Crude oil gained as traders weigh demand from China as the country deals with accelerating number of COVID-19 cases each day which has lead to movement curbs in Shanghai.
The U.S. West Texas Intermediate futures rose around 2% to trade above $96 a barrel while the Brent is also touched above 2% trading over $100 a barrel.
Brent maintained in bullish backwardation with near-dated contracts more expensive than the later dated ones.
Shanghai has eased lockdowns in some housing complexes with authorities signaling reimposing curbs if cases jumped. The southern city of Guangzhou is also taking measures to prevent a flare-up. Oil has now almost given up all its gains since Russia’s invasion of Ukraine.
Meanwhile crude oil prices are supported as the Organization of the Petroleum Exporting Countries (OPEC) said that some 7 million barrels per day of Russian oil and other liquids exports could be lost due to sanctions or voluntary actions, and that it would be impossible to replace those volumes.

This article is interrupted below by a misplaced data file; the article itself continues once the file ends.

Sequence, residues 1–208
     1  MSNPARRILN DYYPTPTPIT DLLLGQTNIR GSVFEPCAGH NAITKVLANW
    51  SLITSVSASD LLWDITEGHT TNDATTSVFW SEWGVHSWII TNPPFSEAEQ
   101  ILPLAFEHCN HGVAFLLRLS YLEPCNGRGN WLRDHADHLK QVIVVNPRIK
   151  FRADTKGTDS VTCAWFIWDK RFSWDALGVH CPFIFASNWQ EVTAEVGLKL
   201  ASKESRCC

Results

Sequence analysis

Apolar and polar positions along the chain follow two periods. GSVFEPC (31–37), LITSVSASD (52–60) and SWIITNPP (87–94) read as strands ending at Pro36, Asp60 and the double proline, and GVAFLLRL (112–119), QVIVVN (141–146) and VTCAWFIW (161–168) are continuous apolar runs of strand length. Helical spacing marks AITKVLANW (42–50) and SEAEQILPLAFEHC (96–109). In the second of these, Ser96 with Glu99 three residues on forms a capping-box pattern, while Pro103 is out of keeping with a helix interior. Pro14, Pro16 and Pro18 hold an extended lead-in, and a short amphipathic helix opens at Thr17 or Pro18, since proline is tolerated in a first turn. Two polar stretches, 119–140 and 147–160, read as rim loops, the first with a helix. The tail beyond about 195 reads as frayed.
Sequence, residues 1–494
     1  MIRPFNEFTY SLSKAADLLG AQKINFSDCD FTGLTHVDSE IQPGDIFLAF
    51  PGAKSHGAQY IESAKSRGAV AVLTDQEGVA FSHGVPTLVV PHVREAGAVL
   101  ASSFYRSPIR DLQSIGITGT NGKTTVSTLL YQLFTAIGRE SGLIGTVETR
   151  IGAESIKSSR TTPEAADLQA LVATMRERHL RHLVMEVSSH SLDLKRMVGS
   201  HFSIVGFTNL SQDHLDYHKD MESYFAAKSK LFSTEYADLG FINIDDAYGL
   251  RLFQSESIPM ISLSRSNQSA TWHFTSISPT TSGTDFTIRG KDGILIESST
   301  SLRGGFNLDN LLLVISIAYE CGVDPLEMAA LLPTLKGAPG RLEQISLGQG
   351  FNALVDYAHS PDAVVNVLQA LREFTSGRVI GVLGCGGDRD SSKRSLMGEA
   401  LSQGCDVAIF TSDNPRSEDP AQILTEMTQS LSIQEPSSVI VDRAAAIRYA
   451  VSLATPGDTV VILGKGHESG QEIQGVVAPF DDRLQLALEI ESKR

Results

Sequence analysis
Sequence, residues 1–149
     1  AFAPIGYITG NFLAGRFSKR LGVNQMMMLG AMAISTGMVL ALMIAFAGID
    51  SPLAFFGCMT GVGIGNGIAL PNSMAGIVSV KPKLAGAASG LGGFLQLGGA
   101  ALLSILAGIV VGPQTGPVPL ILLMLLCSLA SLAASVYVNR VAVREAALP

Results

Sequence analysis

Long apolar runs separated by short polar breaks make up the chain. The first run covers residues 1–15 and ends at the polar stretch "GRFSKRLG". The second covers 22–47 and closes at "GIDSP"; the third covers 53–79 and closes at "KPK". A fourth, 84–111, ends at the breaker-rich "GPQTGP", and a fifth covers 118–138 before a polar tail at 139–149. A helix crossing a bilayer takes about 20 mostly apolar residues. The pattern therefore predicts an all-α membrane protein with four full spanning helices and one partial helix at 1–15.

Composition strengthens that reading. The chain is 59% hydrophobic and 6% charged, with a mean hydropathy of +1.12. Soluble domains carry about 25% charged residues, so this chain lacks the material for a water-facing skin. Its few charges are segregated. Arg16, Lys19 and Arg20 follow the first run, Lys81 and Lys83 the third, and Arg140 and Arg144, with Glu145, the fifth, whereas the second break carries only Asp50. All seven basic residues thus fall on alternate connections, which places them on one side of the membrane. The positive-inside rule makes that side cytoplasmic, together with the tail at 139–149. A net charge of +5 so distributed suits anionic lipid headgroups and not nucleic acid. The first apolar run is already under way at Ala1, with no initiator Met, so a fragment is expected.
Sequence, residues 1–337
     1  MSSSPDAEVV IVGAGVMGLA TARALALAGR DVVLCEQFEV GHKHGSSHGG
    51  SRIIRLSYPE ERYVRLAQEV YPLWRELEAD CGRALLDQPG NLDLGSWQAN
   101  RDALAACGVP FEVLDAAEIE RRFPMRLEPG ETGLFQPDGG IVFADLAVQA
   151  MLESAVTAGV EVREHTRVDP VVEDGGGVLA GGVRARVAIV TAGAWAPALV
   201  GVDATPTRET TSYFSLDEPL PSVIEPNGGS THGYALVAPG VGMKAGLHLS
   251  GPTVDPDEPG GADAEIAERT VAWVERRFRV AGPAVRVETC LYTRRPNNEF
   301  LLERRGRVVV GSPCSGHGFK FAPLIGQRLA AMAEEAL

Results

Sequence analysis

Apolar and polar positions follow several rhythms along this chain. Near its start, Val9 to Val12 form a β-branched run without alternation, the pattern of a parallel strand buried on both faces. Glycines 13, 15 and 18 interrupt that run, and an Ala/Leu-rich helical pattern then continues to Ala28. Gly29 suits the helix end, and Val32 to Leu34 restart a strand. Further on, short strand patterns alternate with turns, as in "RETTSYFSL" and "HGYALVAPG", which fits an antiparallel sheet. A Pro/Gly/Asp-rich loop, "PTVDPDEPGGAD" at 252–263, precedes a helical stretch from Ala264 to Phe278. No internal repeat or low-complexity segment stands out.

The European Union is drafting proposals for an EU oil embargo on Russia in the wake of its invasion of Ukraine, some foreign ministers said on Monday.
“The oil market is still vulnerable to a major shock if Russian energy is sanctioned, and that risk remains on the table,” wrote Edward Moya, a senior market analyst with OANDA.
“Oil prices will play tug-of-war here as crude inventories remain low, but energy traders will struggle to shake-off these steady announcements of new COVID restrictions in China,” he added.
International Energy Agency members are planning to release some 240 million barrels over the next six months to calm down the volatile market. Among 240 million barrels 180 million will be released from U.S. stockpiles at a rate of 1 million bpd starting in May.